Perhaps your invention does a better job cleaning a room than vacuums and disinfectants. You can spend a lot of time educating people on why your invention is innovative or you can open up a cleaning service and sell monthly service plans.

The idea is to look for existing markets that your use case markedly performs better with. Maybe make your are offering a tool to use within the business rather than a product everyone has to understand.

Convincing people they need something they have a hard time understanding can drain your bank account fast. Leave that to the infrequent world changer that comes along.

We have a ridiculously crowded market place. People are buying things all the time. Simply give them what they want.

Take Risk and Give

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I like businesses where the need is obvious. People line up because they need a solution. Dentists, divorce attorneys, grocery stores and gas stations will always have demand. We have a problem and they are a known solution. The challenge for them is to meet the known demand with delightful service and care. That’s a known way to stand out.

But if your offering is less than obvious for having built-in demand, a strategy to apply is to take give generously. Share insights and content that is valuable. Give real answers to real problems. This may feel like you are giving a lot away or taking uncomfortable risk.

But, the world is filled with a lot of generic, safe information online. If you have real answers that stand out and work, you get through the noise. Teasers, generalizations and saying a bunch of platitudes will not create engagement.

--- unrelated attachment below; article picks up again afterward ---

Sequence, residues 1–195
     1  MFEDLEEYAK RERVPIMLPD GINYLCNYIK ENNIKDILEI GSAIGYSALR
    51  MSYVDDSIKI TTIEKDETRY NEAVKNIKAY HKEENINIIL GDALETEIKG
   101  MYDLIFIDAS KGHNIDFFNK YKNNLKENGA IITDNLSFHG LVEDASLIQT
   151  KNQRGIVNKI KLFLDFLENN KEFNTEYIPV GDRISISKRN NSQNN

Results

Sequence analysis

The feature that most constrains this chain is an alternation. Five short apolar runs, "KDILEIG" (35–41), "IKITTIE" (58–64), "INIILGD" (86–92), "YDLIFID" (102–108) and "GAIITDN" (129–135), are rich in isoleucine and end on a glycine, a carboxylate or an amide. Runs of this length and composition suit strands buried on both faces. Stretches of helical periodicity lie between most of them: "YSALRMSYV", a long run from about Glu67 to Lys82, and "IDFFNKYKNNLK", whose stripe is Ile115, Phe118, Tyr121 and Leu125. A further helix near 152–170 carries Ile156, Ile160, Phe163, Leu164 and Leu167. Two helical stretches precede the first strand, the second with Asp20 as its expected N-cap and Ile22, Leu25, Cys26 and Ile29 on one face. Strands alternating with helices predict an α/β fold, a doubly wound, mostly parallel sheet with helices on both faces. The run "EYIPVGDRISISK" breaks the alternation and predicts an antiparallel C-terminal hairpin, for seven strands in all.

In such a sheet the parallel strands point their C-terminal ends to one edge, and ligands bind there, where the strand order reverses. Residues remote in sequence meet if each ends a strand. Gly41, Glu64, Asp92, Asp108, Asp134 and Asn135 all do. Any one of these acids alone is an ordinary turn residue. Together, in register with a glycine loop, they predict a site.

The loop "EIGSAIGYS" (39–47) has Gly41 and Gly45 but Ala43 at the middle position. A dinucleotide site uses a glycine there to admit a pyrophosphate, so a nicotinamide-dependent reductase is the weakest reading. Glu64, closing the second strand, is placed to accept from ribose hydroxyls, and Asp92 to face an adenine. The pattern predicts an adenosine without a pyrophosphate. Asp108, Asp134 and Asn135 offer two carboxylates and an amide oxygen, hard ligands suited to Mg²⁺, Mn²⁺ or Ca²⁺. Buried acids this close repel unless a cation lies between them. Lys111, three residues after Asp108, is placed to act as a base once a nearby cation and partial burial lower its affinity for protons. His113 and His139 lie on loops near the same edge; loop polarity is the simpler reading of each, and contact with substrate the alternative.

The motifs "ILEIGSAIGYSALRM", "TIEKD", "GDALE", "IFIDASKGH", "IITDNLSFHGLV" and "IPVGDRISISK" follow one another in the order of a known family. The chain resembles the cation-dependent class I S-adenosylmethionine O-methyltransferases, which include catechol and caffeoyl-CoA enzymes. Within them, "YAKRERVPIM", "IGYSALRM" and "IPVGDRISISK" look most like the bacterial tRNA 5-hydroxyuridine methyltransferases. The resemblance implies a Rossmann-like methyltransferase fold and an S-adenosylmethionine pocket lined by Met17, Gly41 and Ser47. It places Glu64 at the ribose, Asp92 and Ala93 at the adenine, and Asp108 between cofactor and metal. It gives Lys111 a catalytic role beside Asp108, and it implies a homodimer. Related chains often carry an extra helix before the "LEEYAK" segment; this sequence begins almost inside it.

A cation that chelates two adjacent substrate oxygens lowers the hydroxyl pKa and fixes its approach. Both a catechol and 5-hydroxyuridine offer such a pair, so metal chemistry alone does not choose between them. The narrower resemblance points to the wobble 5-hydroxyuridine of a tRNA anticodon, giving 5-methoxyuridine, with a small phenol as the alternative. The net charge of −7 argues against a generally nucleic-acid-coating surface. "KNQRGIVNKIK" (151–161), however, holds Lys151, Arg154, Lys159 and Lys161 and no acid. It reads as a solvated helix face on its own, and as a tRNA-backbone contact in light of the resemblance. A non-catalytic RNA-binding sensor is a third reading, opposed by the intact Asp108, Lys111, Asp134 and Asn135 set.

Truly helping people with strategies and insights that work will do far more than creating some kind of funnel manipulation.

Can you solve my problem? Can you articulate my problem?

Take the risk of being overt and generous to see what opportunities might open up that would otherwise never arise. It’s your chance to be helpful, contribute and a person of great value.

You Need Strategy

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Many times when we are working in the grind we get so busy that we can’t see the forest from the trees. You may be working hard, but your hard work may be on things that don’t contribute to the bigger priorities.

It’s why having a regular and focused time for strategy keeps you from wasting energy on the wrong things.

If you are growing a business, you can’t afford to be unclear. It becomes costly quickly.

And if you have had much experience in business, you realize that there are not any shortcuts. The reality is that two things matter: strategy and hard work.

Knowing what to do and doing it consistently moves the needle. There’s no gimmick, magic or back door that hands you success on a platter.

You have to work just as hard at clarity as you do the actual work. And clarity is not free. It comes with thinking through the competing priorities, opportunities and constraints that are part of your mix.

Has the work you have been putting forth the last month mattered?